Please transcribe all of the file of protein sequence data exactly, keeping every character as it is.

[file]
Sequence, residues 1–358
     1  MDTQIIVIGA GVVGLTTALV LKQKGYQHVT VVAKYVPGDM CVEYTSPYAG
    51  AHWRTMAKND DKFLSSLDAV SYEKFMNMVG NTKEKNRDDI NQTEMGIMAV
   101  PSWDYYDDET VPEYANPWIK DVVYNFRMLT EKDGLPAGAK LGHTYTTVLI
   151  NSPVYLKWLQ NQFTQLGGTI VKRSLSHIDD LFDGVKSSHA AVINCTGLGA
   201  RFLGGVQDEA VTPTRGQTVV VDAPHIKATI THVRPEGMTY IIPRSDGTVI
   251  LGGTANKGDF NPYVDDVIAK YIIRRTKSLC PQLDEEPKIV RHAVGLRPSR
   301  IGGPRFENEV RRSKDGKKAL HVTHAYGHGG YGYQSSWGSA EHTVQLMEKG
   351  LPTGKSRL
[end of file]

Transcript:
Sequence, residues 1–358
     1  MDTQIIVIGA GVVGLTTALV LKQKGYQHVT VVAKYVPGDM CVEYTSPYAG
    51  AHWRTMAKND DKFLSSLDAV SYEKFMNMVG NTKEKNRDDI NQTEMGIMAV
   101  PSWDYYDDET VPEYANPWIK DVVYNFRMLT EKDGLPAGAK LGHTYTTVLI
   151  NSPVYLKWLQ NQFTQLGGTI VKRSLSHIDD LFDGVKSSHA AVINCTGLGA
   201  RFLGGVQDEA VTPTRGQTVV VDAPHIKATI THVRPEGMTY IIPRSDGTVI
   251  LGGTANKGDF NPYVDDVIAK YIIRRTKSLC PQLDEEPKIV RHAVGLRPSR
   301  IGGPRFENEV RRSKDGKKAL HVTHAYGHGG YGYQSSWGSA EHTVQLMEKG
   351  LPTGKSRL